'Doctor, Alcoholic, Addict' Dead at 83
'Dr. Paul' Passed Away May 19, 2000The man who wrote the chapter "Doctor, Alcoholic, Addict" in the book Alcoholics Anonymous which contains the often-quoted Page 449 has died of complications following heart surgery at age 83.
Dr. Paul Ohliger, author of the famous passage on acceptance on pages 449 and 450 of "The Big Book" died Friday, May 19, 2000 in Mission Viejo, California.
He was a power to all of us in the program and I don't think any of us can think of "acceptance" without thinking of his story, said one A.A. member who called "Dr. Paul" his sponsor.
Dr. Paul's story "Doctor, Alcoholic, Addict" was published in the Third Edition of the Big Book; his remarks on acceptance, which begins on page 449 (Page 417 in the 4th Edition), is one of the most often quoted and profound sections of the book, which is used as a "textbook" on recovery by millions of alcoholics.
Bronze MocassinsIn a July 1995 interview in the Grapevine,, the international journal of Alcoholics Anonymous, Dr. Paul was asked how he came to write the chapter.
The editor of the Grapevine - a woman named Paula C. - was also the chairperson of the committee to review the stories. She wrote to tell me that the magazine was going to use an article I'd written on why doctors shouldn't prescribe pills for alcoholics.And acceptance is the answer to all my problems today. When I am disturbed, it is because I find some person, place, thing or situation -- some fact of my life -- unacceptable to me, and I can find no serenity until I accept that person, place, thing or situation as being exactly the way it is supposed to be at this moment.
So she knew my writing a little bit and she asked me if I had a dual problem and would I be willing to write an article about it for consideration in the Big Book. My reaction to that was the same as my reaction when it was suggested I come to AA - I thought it was one of the dumbest ideas I'd ever heard and I ignored her letter.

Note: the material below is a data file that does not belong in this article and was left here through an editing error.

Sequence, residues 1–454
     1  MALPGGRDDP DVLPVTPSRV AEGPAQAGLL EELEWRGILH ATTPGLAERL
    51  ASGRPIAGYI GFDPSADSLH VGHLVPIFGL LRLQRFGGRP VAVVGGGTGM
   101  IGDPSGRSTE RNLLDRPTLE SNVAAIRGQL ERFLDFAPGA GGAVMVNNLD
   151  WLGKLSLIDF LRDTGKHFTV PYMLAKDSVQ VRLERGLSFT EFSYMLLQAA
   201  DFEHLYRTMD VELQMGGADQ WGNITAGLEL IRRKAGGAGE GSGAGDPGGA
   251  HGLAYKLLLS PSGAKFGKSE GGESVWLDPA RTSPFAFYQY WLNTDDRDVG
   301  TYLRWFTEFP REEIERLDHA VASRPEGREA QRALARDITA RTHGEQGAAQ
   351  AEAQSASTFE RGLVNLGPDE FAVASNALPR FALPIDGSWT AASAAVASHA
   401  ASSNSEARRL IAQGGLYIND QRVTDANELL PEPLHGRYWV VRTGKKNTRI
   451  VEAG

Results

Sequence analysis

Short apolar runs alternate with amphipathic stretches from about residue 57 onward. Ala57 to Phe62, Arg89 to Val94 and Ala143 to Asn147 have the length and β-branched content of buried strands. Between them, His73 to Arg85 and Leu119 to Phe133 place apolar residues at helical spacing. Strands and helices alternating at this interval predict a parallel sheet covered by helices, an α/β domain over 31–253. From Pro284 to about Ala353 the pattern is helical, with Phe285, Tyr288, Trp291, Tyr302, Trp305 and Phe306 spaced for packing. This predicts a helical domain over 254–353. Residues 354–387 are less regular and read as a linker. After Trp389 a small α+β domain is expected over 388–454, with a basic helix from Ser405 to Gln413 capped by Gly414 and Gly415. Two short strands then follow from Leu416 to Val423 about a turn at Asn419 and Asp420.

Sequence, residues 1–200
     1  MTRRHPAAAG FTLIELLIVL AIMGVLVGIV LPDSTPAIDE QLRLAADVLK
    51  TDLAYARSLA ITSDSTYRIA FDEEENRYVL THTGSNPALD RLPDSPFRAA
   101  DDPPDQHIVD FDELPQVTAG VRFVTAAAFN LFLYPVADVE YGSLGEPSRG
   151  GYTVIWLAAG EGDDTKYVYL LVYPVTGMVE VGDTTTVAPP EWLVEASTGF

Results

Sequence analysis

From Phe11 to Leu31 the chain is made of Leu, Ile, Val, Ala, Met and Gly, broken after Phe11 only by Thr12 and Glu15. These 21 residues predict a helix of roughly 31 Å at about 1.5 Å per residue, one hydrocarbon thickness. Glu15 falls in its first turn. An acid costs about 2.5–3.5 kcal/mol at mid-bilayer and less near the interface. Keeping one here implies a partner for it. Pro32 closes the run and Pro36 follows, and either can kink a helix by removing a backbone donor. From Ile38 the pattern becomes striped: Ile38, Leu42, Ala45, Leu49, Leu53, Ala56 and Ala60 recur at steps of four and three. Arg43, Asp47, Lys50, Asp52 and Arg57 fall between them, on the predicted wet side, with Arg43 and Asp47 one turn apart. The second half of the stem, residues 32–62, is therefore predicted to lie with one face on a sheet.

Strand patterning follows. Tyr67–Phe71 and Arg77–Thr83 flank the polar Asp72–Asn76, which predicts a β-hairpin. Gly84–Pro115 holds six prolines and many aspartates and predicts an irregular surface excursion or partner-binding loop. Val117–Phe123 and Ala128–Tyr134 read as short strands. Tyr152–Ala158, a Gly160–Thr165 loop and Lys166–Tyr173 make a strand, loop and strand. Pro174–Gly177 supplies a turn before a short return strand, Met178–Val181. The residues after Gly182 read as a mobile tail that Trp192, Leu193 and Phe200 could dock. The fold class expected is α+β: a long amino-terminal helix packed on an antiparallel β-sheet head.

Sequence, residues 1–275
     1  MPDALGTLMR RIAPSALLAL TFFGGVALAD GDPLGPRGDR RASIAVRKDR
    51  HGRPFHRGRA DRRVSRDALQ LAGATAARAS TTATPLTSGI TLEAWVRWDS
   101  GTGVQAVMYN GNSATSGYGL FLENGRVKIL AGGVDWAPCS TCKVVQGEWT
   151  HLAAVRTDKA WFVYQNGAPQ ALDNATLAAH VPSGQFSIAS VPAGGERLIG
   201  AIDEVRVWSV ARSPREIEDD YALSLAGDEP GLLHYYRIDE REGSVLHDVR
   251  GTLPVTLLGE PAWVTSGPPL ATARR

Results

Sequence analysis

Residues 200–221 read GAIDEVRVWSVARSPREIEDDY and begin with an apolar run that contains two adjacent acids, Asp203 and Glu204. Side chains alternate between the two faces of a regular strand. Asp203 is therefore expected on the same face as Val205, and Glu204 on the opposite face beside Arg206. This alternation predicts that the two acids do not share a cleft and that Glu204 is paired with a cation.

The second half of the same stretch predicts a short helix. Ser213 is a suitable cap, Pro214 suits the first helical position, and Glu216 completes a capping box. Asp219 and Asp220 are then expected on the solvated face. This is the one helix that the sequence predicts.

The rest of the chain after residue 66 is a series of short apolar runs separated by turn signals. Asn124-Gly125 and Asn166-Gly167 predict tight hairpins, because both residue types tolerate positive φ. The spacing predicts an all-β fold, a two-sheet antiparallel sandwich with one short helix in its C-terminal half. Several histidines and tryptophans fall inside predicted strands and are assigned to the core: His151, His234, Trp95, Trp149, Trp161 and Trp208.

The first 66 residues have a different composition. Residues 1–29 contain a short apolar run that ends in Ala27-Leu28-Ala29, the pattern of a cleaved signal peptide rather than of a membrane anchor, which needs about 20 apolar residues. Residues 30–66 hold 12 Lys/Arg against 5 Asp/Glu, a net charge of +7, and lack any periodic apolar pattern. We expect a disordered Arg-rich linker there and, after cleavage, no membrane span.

Later on she called and asked for the article, and I lied and said I hadn't had time to write it. She extended the deadline and called me a second time. I had a gal working in the office with me who was in the program, and she thought it would be nice to have typed a story that might end up in the Big Book, so she said to me, "You write it, I'll type it, and we'll send it in."
So that's what we did. But by that time they had done another printing of the Second Edition, and I thought, Fine, that means they won't use it. But Paula said she liked it and the Grapevine published it with the title "Bronzed Mocassins" and an illustration of a pair of bronze mocassins.
Eventually it was put in the Big Book, but the title was changed, and my guess is that they wanted to show that an alcoholic could be a professional and be an addict, but that wouldn't make him not an alcoholic.
It worked well but maybe it overshot the mark, and now one of the most uncomfortable things for me is when people run up to me at a meeting and tell me how glad they are the story is in the book.
They say they've been fighting with their home group because their home group won't let them talk about drugs. So they show their group the story and they say, "By God, now you'll have to let me talk about drugs." And I really hate to see the story as a divisive thing. I don't think we came to AA to fight each other.